Home Television Comedy New Statesman, The

New Statesman, The

1 9 8 7 – 1 9 9 4 (UK)
27 x 30 minute episodes
1 x 70 minute episode

It is May 1987 and Alan Beresford B’Stard is elected at the age of 31 as the Conservative MP for the North Yorkshire constituency of Haltemprice.

His majority (26,738) is the largest in the House of Commons – a fact not unconnected to the head-on crash involving his two principal election opponents, the Labour and SDP candidates, who are presently in hospital instead of on the hustings.

To prevent the police from revealing that the cars had been tampered with, B’Stard promises to push through Parliament a bill enabling the boys in blue to pack pistols instead of truncheons.

What he doesn’t explain is that he can get the weapons for them, wholesale, made from recycled frying pans, and that they may not work very well. So began one of the best, and certainly the most outrageous, British sitcoms of the late 1980s.

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While Yes, Minister drew plaudits for its wittily accurate portrayal of Whitehall machinations, The New Statesman bludgeoned and appalled in the most uproarious of ways.

But even as the most unscrupulous, wickedest, greediest, nastiest politician of all time, Alan B’Stard (played to perfection by the late Rik Mayall) seemed to reflect some truths of 1980s Britain.

B’Stard was treasurer of the ‘Keep Britain Nuclear’ pressure group (and behind the dumping of nuclear waste in a children’s playground). Before becoming an MP he was secretary of the Friends of South Africa, a position he resigned in protest at left-wing infiltration of the group.

All committee’s formed by B’Stard usually had the acronym C.A.S.H, to which he insisted all donors should make their cheques payable. He was the ultimate income tax defrauder.

His marriage, too, was a sham. B’Stard’s wife, Sarah, was as money-motivated as her husband, and despite having lesbian tendencies (she had an affair with Alan’s political agent, Beatrice) she would sleep with anyone for her own ends.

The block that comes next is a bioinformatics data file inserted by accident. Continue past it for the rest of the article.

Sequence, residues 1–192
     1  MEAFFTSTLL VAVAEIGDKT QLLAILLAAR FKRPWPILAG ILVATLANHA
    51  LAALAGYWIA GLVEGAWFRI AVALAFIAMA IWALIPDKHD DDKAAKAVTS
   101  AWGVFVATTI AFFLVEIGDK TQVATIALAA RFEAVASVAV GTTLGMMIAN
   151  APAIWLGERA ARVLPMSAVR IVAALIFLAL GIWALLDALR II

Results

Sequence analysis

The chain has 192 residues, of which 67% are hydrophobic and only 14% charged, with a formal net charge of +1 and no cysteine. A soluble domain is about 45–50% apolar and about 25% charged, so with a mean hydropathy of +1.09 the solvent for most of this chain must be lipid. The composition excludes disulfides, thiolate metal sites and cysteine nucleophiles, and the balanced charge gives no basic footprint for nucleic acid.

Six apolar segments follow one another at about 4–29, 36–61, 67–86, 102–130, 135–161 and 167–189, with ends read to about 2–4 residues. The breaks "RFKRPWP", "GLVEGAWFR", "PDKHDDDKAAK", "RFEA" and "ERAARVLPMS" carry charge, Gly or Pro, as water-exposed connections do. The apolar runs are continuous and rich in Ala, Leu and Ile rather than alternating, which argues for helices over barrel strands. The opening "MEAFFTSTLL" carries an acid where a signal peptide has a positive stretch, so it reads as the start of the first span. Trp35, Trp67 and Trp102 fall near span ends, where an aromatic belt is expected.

He married her purely for her respectability and her money, although Roland Gidleigh-Park (her despicable father from whom she would eventually inherit everything) hated B’Stard with a vengeance.

At work, B’Stard was permanently beastly to his assistant Piers Fletcher-Dervish, an old-school upper-class twit who became a permanent whipping boy who never had the sense to run a mile in the opposite direction.

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Various TV personalities appeared in cameos as themselves. Additionally, seen in character roles were Stephen Fry, Hugh Laurie, Helen Lederer and John Sessions – the latter as a cocaine-addicted peer who was accidentally killed when someone tried to assassinate B’Stard.

A spoof shooting incident staged by B’Stard at the end of the second series led to a single 70 minute Dallas style special, Who Shot Alan B’Stard?.

In fact, the shooting was arranged by the MP himself after he had bet £50,000 at 20-1 that capital punishment would be reinstated by Christmas.

Eventually leaving parliament, B’Stard found himself imprisoned in a Siberian Gulag before returning to the political fray as a Euro MP, representing the German constituency of Obersaxony.

Screened at a time when the Conservative government was free to indulge its whims by virtue of a three-figure parliamentary majority, The New Statesman perfectly portrayed both Margaret Thatcher‘s government and the decade where “Greed Is Good” became the catch-cry of every white collar worker in the western world.

The spectacular replica of the House of Commons was left over from the 1986 Granada miniseries, First Among Equals.

Alan B’Stard  
Rik Mayall
Piers Fletcher-Dervish  

Michael Troughton
Sarah B’Stard  

Marsha Fitzalan
Beatrice Protheroe  

Vivien Heilbron
Norman Bormann  

Rowena (RR) Cooper
Sir Stephen Baxter  

John Nettleton
Bob Crippen  

Nick Stringer
Geoff Dicquead  

Berwick Kaler
Sir Greville McDonald  

Terence Alexander
Roland Gidleigh-Park  

Charles Gray
Mrs Thatcher  

Stephen Nallon